The rocket science behind Dune's blend of the virtual and the real
The film is a collaboration between French-Canadian director Denis Villeneuve and British-born Visual Effects Supervisor Paul Lambert
You don’t have to have to be a technical wizard to make it in Hollywood, but it helps - especially since the pandemic.
Oscar-nominated blockbuster Dune is an outstanding example of the skills that can provide a route into the film industry for a wider range of people, when streaming has increased the appetite for content and production has become highly technical.
The film is a collaboration between French-Canadian director Denis Villeneuve and British-born Visual Effects Supervisor Paul Lambert, who previously worked together on the 2017 film Blade Runner, which won an Oscar for best visual effects.
Lambert, who has around 25 years of experience in visual effects, learnt on the job.
He had a degree in aeronautical engineering, otherwise known as rocket science, but until he became a courier making regular deliveries to Pinewood Studios, he told Reuters he “never in a million years” thought he could work in film.
One thing led to another and he realised the “very, very creative and very technical” area of visual effects was his vocation.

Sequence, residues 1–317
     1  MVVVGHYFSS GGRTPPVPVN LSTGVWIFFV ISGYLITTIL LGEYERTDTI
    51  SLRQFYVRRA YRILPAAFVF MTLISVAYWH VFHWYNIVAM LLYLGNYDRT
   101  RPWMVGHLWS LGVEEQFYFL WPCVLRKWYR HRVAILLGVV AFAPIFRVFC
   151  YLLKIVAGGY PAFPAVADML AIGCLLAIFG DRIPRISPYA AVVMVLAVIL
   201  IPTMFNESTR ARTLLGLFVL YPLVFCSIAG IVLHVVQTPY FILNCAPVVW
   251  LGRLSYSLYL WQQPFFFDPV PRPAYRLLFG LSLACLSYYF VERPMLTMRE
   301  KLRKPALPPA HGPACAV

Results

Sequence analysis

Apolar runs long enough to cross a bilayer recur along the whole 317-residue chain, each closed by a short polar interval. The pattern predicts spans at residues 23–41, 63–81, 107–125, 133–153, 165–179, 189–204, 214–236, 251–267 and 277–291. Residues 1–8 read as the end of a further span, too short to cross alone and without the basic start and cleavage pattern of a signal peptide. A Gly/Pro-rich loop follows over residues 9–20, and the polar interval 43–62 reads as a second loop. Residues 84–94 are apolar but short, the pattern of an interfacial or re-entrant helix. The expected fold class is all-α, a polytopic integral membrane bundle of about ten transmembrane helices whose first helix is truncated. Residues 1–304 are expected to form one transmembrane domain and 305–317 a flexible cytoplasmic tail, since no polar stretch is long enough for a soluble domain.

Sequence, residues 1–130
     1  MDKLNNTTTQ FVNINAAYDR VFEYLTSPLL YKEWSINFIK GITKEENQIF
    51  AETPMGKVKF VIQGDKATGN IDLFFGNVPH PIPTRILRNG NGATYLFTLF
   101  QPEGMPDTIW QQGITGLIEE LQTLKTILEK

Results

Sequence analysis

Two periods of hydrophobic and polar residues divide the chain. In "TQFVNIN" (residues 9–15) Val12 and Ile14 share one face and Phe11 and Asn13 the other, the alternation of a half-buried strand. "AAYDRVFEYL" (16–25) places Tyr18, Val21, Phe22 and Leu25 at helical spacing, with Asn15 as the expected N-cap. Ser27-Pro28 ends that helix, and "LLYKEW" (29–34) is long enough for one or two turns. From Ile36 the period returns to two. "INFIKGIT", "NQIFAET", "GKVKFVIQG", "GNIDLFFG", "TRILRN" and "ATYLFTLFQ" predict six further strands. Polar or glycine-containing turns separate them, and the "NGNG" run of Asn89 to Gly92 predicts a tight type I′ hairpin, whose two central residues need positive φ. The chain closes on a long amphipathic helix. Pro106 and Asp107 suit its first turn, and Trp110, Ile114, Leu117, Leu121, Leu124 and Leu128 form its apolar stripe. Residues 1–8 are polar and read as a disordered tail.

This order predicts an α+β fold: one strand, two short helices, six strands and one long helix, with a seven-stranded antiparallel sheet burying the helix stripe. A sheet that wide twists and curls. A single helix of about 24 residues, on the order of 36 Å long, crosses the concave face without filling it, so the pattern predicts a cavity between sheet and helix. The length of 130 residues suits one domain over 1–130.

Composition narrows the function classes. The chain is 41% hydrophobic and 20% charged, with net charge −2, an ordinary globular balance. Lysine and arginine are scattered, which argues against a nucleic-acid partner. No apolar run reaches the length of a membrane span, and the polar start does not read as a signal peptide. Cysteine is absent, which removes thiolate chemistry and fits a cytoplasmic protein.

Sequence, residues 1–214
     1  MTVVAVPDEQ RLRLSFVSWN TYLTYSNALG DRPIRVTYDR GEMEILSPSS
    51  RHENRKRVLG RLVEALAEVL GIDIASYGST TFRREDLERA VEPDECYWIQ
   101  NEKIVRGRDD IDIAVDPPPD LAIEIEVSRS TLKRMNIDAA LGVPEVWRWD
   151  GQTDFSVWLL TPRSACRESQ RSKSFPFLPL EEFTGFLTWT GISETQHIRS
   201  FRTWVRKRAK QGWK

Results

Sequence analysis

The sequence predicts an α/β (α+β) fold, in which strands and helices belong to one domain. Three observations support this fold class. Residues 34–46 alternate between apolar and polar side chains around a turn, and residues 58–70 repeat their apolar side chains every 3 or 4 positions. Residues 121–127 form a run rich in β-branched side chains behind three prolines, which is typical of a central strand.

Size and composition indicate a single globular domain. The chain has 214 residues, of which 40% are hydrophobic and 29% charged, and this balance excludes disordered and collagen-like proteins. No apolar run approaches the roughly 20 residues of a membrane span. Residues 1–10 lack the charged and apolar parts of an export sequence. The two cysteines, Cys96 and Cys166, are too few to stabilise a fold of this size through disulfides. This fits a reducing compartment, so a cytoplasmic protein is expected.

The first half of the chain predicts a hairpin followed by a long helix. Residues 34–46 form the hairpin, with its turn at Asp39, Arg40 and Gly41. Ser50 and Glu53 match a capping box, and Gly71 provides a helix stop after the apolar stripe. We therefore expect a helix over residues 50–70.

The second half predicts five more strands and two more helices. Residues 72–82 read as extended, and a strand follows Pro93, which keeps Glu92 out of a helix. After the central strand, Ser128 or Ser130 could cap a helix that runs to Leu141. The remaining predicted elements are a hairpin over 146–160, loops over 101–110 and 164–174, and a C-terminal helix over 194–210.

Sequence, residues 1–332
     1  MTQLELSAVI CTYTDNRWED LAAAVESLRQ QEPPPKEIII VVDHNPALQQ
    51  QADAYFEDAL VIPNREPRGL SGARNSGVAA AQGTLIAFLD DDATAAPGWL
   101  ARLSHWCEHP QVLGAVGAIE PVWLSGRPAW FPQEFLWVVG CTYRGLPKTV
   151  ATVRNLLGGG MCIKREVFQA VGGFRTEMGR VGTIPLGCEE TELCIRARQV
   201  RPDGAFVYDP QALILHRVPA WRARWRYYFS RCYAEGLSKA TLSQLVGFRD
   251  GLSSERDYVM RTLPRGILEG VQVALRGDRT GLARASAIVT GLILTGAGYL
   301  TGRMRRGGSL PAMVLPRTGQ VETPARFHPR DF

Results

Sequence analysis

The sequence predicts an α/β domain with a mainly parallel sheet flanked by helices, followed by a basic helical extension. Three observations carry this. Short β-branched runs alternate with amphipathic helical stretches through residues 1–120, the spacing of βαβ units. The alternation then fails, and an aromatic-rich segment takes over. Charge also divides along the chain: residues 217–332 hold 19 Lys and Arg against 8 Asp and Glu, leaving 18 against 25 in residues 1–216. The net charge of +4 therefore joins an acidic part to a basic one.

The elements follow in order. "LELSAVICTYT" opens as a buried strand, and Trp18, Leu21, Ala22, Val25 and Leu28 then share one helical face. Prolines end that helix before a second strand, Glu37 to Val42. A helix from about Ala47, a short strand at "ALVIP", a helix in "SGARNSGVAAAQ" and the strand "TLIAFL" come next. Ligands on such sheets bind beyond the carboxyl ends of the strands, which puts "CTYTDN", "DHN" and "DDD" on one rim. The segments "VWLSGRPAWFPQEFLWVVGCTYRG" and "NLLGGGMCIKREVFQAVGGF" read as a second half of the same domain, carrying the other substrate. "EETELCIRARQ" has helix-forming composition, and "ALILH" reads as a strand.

“I live, breathe, dream what I do,” he said.
Increasingly universities and the industry, often working together, are providing training and say streaming and the backlog caused by lockdown have created a surge in demand for technical talent.
This need “allows young people across a broader spectrum of classes to get their foot in the door,” said Assistant Arts Professor Sang-Jin Bae at New York University, where the Tisch School of the Arts teaches virtual production, as well as animation and visual effects.
German-headquartered Maxon is one of the companies that provide the software. It says it seeks to mentor artists and create diverse role models in its tutorials to improve inclusivity in a mostly white, male film production sector, and to address the talent crisis.
“The more people that come in, the more artists there are,” Paul Babb, chief marketing officer at Maxon, said.
Lambert used Maxon’s technology for a scene in Dune in which the protagonist hides in a hologram bush.
The secret to making it believable is natural light, which means you must “always reference something real,” Lambert said. In this case, it was the actor.
The obvious approach would have been to create a computer-generated version of Dune’s protagonist played by Timothee Chalamet. Instead, Lambert projected “a series of slices” of a computer-generated hologram bush onto him.
“You get a beautiful sub-surface look on skin, which is really hard to produce in computer graphics,” Lambert said.
The reward for Lambert and his team could be an Oscar later this month.